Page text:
Patricia Walsh, shown at the world championships, will have her classification, women's PT5 — for visually impaired athletes, contested when triathlon debuts at the Rio 2016 Paralympic Games.
Mark Barr, Melissa Stockwell and Patricia Walsh all are ecstatic that the door has been opened for them to compete in paratriathlon at the 2016 Paralympic Games in Rio de Janeiro.
When they learned about the recent decision by the International Paralympic Committee to add their competition classifications to the lineup — completing the six medal categories in paratriathlon’s Games debut — it was an answer to years of hope.
After so much work and success at national and world events, they’re all eager to get the chance to pursue a medal in the debut of paratriathlon at the Paralympic Games in Brazil.
“Waiting for the announcement was stressful as nobody really knew which categories would be selected,” said Barr, a four-time national champion who lost much of his left leg to cancer at age 14 and competes in the PT2 class. “So my initial reaction was relief and excitement that I will be given the opportunity to represent my country in Rio.”
But just as he was happy, he was disappointed that athletes in other categories won’t have the chance.
Stockwell and Walsh feel the same way.
“My classification is in there,” said Stockwell, a PT2 athlete and former U.S. Army officer who lost her left leg in 2004 to a roadside bomb in Iraq. “It’s exciting. But I’m pretty bummed for those that I know have been training for years in hopes for Rio and won’t be able to continue because their classification was not added.”
Walsh, who competes in the PT5 classification for visually impaired athletes, said she is “so thankful” she can compete for a spot on the 2016 U.S. Paralympic Team, but added her “heart broke for those who were not included,” especially the man she calls her triathlon “mentor,” Aaron Scheidies, this year’s men’s world champion in the PT5 classification.
The decision by the IPC on which classifications to add was announced at a meeting in Berlin on Oct. 6. The three categories announced this month for the 2016 Games join the three announced in July: men’s and women’s PT4 and men’s PT1. That will give the Games three medal events for men and three for women.
Left out of the mix for 2016 are men and women in the PT3 classification, as well as PT1 women and PT5 men.
The IPC and International Triathlon Union had been working since July to determine the makeup of the competition classes and acknowledged it was a “difficult decision.” ITU president Marisol Casado said the organizations are hopeful “that all categories will be present” at the 2020 Paralympic Games in Tokyo.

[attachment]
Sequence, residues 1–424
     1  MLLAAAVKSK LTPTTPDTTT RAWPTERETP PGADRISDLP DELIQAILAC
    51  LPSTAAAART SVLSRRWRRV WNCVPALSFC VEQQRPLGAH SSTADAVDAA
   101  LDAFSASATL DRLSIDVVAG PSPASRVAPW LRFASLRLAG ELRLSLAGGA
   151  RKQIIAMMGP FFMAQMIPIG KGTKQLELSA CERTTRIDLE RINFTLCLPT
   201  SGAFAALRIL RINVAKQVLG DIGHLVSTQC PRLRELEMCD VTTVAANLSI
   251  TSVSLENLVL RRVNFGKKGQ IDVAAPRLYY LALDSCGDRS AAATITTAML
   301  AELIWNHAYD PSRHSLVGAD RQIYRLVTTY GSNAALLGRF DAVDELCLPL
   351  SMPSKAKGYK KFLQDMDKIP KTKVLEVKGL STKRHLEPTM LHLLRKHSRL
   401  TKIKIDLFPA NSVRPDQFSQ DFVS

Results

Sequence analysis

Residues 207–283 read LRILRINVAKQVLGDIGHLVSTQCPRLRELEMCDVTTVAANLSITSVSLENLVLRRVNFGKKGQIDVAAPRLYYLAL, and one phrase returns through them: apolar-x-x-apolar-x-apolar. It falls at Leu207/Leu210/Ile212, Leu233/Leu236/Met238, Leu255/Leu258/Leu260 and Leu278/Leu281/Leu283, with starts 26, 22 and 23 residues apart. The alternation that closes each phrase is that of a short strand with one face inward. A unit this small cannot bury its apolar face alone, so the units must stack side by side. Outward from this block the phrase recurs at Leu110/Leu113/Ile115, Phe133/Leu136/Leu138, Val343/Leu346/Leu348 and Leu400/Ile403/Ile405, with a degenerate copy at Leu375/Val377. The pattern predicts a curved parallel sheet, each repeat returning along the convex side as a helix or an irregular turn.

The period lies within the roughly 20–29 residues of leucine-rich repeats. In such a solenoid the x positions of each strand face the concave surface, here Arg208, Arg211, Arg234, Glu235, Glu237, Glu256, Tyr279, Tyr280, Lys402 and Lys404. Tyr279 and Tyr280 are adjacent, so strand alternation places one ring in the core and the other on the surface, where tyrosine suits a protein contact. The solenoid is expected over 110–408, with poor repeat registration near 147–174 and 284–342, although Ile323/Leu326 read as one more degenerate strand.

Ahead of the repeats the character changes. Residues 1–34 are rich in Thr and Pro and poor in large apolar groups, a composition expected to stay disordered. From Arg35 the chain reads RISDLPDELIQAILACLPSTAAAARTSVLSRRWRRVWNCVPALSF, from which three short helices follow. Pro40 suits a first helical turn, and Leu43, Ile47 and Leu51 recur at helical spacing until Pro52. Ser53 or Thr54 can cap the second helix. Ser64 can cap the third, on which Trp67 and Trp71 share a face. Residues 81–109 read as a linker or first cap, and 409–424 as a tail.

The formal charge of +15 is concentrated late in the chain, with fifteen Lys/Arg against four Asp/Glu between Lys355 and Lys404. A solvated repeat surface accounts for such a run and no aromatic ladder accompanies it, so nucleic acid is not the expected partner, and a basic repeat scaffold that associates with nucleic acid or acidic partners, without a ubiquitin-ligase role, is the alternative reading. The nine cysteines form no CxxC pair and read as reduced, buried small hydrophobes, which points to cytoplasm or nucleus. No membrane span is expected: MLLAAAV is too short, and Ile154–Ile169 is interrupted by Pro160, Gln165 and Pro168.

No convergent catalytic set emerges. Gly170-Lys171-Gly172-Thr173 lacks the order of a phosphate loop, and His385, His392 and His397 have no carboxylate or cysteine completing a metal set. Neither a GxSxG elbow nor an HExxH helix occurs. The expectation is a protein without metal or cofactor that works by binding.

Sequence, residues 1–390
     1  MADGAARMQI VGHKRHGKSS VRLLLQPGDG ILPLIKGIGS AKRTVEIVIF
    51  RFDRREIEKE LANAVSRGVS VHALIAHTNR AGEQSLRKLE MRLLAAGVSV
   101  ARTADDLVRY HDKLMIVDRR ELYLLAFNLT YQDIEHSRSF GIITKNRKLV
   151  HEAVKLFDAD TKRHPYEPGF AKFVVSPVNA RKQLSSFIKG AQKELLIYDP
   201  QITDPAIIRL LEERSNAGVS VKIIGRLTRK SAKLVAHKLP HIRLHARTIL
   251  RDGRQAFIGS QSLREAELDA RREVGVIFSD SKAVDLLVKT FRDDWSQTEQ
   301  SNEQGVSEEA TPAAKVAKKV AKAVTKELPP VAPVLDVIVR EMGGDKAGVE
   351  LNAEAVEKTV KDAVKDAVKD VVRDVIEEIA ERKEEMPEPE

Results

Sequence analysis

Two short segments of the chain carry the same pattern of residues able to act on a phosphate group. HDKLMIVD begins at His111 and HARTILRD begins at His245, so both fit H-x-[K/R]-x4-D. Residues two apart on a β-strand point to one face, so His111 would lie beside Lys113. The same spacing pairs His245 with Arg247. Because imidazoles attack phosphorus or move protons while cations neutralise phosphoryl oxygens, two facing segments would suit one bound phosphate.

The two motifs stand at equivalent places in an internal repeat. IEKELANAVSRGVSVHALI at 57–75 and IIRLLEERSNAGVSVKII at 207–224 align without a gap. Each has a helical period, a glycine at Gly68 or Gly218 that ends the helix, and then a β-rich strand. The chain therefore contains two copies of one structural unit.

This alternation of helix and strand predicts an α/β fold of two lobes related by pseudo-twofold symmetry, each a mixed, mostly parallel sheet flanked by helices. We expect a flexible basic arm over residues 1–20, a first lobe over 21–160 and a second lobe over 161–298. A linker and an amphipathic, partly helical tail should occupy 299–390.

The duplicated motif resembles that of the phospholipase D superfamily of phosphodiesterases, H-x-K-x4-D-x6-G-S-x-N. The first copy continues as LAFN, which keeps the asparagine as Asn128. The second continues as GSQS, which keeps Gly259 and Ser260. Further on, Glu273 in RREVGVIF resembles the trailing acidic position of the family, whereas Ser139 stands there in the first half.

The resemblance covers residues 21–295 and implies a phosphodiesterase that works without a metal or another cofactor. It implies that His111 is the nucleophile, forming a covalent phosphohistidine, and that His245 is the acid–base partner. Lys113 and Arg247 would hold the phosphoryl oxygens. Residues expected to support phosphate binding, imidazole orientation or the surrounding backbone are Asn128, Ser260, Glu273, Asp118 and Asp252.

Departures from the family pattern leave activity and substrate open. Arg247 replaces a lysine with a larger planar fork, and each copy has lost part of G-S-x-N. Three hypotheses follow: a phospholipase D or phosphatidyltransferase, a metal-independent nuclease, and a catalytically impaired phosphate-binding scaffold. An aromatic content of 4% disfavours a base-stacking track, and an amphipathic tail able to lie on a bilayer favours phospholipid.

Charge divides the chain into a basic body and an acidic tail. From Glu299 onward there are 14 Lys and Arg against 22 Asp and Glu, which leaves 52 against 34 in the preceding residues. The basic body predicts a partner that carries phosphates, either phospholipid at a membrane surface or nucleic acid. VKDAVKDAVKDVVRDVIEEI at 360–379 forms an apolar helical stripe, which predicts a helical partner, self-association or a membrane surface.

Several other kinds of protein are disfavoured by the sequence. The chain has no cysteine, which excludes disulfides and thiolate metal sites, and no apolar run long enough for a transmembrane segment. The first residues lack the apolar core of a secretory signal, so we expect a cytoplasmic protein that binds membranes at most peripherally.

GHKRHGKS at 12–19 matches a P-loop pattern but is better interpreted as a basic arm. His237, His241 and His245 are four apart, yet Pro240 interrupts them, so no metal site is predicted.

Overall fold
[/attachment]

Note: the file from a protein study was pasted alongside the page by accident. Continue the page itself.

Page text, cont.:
The Door is Open
For Stockwell, the chance to compete in paratriathlon in 2016 is an opportunity to return to the Games.
Stockwell went to the 2008 Games in Beijing as a swimmer. Shortly after, she took up paratriathlon and has won three national championships and three world championships.
She’s expected to deliver her first child in a few weeks, so 2014 has been a limited year for training and competition. But having a baby now was part of her plan going toward the 2016 Games.
“The original plan was to try to have a baby this year and then try to get back to things and hope for Rio,” she said. “Until the classifications were announced, I wasn’t sure that was going to be a possibility. Granted, I’ll have a lot of work to do after the baby to kind of get back, get my times to where they should be. But the fact there is a chance now (to make the team) is pretty exciting.”
Walsh, who recently won her fourth national championship, said she was on “pins and needles” as she waited for news of whether PT5 would be included in the Games, and said she thought it had a 50-50 chance.
Now that she’ll have the opportunity to make the team for Rio, she’s going to commit totally to the effort. She likens the feeling to “jumping off a cliff.”
“I have the opportunity to represent my country at the most elite level of competition in my sport,” she said. “I will rework everything in my life to ensure a successful representation in 2016.”
For Walsh, who lost her sight at age 5 because of complications from surgery to remove a brain tumor, going to the Games would be yet another success story in a life filled with them. She earned a degree in computer science and electrical engineering, went to work for Microsoft, became a marathon and an ultra-marathon runner, a motivational speaker and now a triathlete.
After hearing that paratriathlon would be added to the 2016 Games, she set her mind on not only going, but winning a medal.
“I determined I wanted to operate with the understanding that I will be there until told with authority otherwise,” she said.
Barr has had great success since the former college swimmer took up paratriathlon in 2010. Now Barr — who has a demanding schedule as a trauma/surgical ICU nurse in Houston — is eager for the Paralympic challenge.
“At this point I’ll use the thought of competing at the Games as motivation to put my head down and train hard so that I can make it a reality,” he said.
Barr recently finished fourth at the world championships after a solid year of racing that included wins at the ITU event in Chicago, the PATCO Triathlon Pan American Championships in Dallas and the national championships.
Now he — and Stockwell and Walsh — will get a chance to add a Paralympic medal.
“It’s a very exciting time right now for my category and I cannot wait to train hard this offseason and see how things rapidly progress over the next two years leading to Rio,” he said. “I have been given the opportunity, now I just need to do my part.”
Doug Williams covered three Olympic Games for two Southern California newspapers and was the Olympic editor for the San Diego Union-Tribune. He has written for TeamUSA.org since 2011 as a freelance contributor on behalf of Red Line Editorial, Inc.